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Appl Environ Microbiol. 2003 Jul;69(7):3772-6.

Effects of litter addition on ectomycorrhizal associates of a lodgepole pine (Pinus contorta) stand in Yellowstone National Park.

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NASA-Ames Research Center, Moffett Field, Mountain View, CA 94035-1000, USA.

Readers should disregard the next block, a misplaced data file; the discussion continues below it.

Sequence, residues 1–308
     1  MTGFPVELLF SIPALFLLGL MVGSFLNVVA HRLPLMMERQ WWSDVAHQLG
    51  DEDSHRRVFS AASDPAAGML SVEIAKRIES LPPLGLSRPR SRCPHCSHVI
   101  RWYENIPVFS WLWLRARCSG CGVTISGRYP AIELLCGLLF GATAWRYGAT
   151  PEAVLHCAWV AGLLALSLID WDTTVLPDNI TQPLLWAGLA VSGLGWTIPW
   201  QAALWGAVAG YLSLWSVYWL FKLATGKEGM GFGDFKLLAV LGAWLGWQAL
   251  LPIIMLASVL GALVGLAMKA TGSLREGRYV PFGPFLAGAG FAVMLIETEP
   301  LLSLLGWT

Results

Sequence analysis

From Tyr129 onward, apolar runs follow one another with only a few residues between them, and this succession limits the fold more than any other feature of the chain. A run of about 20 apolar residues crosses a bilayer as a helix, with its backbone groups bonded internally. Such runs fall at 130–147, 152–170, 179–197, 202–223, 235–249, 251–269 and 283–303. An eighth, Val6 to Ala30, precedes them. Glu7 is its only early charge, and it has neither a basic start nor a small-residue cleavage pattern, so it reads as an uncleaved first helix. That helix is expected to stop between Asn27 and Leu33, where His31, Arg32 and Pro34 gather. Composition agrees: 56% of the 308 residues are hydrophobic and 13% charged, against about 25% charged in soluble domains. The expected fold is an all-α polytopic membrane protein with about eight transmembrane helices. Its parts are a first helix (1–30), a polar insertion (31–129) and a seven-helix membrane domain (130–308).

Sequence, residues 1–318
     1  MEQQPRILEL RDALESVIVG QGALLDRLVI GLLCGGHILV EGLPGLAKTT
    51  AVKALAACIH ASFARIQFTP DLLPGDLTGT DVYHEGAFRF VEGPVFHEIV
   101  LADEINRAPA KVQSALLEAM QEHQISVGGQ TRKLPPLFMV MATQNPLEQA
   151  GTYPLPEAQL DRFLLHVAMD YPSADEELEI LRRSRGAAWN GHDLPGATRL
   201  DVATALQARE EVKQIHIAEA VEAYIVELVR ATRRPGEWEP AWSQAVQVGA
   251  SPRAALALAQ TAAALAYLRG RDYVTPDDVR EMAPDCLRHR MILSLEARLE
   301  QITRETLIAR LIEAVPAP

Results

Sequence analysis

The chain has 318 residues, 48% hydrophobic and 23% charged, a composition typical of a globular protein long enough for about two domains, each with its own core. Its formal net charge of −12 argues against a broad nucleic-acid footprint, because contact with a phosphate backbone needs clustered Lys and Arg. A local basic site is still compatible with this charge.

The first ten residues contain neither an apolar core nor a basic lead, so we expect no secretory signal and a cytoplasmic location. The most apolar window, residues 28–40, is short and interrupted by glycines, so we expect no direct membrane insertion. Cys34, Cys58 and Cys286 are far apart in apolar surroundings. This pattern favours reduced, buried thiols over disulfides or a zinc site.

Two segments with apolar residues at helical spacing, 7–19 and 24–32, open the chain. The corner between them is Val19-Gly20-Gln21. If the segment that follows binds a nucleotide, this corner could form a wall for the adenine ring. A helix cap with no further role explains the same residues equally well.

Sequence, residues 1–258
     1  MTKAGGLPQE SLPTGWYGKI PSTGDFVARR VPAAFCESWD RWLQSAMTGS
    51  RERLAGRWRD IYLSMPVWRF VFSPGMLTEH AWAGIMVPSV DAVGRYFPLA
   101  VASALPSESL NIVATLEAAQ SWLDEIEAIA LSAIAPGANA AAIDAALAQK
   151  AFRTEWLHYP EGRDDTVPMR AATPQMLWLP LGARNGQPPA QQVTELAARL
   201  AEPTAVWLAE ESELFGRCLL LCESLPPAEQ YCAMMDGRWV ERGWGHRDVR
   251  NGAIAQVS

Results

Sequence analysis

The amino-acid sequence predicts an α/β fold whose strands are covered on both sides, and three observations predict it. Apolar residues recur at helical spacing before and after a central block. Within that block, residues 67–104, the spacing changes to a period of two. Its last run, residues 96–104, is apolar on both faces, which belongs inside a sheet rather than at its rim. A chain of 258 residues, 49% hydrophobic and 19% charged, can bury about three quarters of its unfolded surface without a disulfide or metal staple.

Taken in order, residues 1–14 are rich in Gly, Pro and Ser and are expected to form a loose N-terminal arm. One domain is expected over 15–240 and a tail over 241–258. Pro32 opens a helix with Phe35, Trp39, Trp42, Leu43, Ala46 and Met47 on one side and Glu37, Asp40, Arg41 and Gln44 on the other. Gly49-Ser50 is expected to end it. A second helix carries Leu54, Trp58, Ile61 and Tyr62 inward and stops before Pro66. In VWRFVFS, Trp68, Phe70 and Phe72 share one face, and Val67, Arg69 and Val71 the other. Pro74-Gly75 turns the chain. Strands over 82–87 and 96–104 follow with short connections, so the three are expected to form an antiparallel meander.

Increasing soil nutrients through litter manipulation, pollution, or fertilization can adversely affect ectomycorrhizal (EM) communities by inhibiting fungal growth. In this study, we used molecular genetic methods to determine the effects of litter addition on the EM community of a Pinus contorta stand in Yellowstone National Park that regenerated after a stand-replacing fire. Two controls were used; in unmodified control plots nothing was added to the soil, and in perlite plots perlite, a chemically neutral substance, was added to maintain soil moisture and temperature at levels similar to those under litter. We found that (i) species richness did not change significantly following perlite addition (2.6 +/- 0.3 species/core in control plots, compared with 2.3 +/- 0.3 species/core in perlite plots) but decreased significantly (P < 0.05) following litter addition (1.8 +/- 0.3 species/core); (ii) EM infection was not affected by the addition of perlite but increased significantly (P < 0.001) in response to litter addition, and the increase occurred only in the upper soil layer, directly adjacent to the added litter; and (iii) Suillus granulatus, Wilcoxina mikolae, and agaricoid DD were the dominant organisms in controls, but the levels of W. mikolae and agaricoid DD decreased significantly in response to both perlite and litter addition. The relative levels of S. granulatus and a fourth fungus, Cortinariaceae species 2, increased significantly (P < 0.01 and P < 0.05, respectively) following litter addition. Thus, litter addition resulted in some negative effects that may be attributable to moisture-temperature relationships rather than to the increased nutrients associated with litter. Some species respond positively to litter addition, indicating that there are differences in their physiologies. Hence, changes in the EM community induced by litter accumulation also may affect ecosystem function.

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